Browse Tag: los angeles

Five Googie Architecture Properties (And Nearby Available Listings) In Los Angeles

The mid-century commercial architecture style called Googie was named for the 1949 Los Angeles coffee shop bearing the same name.  Originated by Frank Lloyd Wright assistant John Lautner, the Googie style is iconic for its ultra-modern, space-age look.  The commercial construction craze for cantilevered roofs and eccentric curves took off nationally from coffee shop roots on the L.A. corner of Crescent Heights and Sunset, spreading an aesthetic reflecting two huge phenomena of the 1950s: the automobile and the service industry that grew along with it.

Surviving Googie buildings evoke the past while looking to a former future. Beloved by many, their proximity can make the difference for a site selection client faced with a choice among candidate properties with no comparable “face”. One thing Googie buildings do is project — after all they seem to be rocketing into that imagined future — and having one nearby can easily be a bright spot for tenants, a distinction that serves that part of commerce that numbers alone can’t quite capture.

Let’s take a look around Los Angeles for opportunities around some of these iconic Googie properties:

New Moapa Solar Plant Outside Of Las Vegas: Sold

View of Moapa Peak from near the Carp-Elgin ex...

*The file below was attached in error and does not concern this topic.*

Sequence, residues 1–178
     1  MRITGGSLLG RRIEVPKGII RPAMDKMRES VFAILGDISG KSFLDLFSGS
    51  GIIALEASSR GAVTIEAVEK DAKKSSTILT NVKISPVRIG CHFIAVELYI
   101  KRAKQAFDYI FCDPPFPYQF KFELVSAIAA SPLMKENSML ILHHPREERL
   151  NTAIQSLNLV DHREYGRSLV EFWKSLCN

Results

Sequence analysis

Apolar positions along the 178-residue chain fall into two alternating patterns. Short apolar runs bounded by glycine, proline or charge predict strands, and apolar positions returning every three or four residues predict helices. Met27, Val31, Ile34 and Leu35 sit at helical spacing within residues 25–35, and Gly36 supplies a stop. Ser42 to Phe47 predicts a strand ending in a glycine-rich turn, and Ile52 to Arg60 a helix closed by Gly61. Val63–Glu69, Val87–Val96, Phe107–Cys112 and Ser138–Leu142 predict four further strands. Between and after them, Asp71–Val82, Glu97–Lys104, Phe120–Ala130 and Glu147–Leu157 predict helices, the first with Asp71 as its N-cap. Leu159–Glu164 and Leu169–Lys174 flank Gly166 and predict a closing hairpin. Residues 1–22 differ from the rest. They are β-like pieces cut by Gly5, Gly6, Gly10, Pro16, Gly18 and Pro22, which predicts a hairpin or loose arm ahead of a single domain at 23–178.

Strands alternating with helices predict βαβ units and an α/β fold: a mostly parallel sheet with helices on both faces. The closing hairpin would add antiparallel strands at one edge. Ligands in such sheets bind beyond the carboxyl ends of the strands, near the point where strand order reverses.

Moapa Valley, NV

Demonstrating a state of the art in pollution- and water-free, photovoltaic (PV) energy generation is a new fully operational solar plant 30 miles north of Las Vegas. The Moapa Southern Paiute Solar Project will generate enough voltage to power well over 100K homes, but Las Vegas isn’t the target of all that juice — every watt will be sent 270 miles away to serve Los Angeles. What’s more, the project was sold after an impressively brief ten days of operation, in a deal to private asset manager Capital Dynamics. Terms of the Moapa Solar deal were not disclosed.

Free Report: Moapa Solar’s light industrial neighborhood shows low rents, high construction

The Moapa Solar Project takes advantage of the Las Vegas market’s northeast Clark County area. The site is located in the Moapa Valley, where the market quadrant offers the Las Vegas industrial market’s second lowest rents. The most recent Las Vegas industrial market report (4Q16) from Xceligent spots the northeast area ‘s weighted average asking rents at $0.46 per square foot (on a triple net basis).

The NE Clark County area also offers the market’s biggest volume in new construction by a significant margin. At over 2M square feet of new construction, the area nearly doubles the second place market (Henderson). Vacancy rates for the overall market are improving — year-over-year totals have dropped from 6.1% to 5.4%. Flex properties have had the most significant positive change in vacancy with rates improving from 10.1% to 7.4%. If you’re interested in obtaining a free copy of Xceligent’s latest Las Vegas Industrial Market Report, drop us a line here.

Live Query: Moapa Valley land and industrial properties listed on

To check out a live query at CommercialSearch of land and industrial properties in the Moapa Valley northeast of Las Vegas, click here now.

(Photo credit: Wikipedia)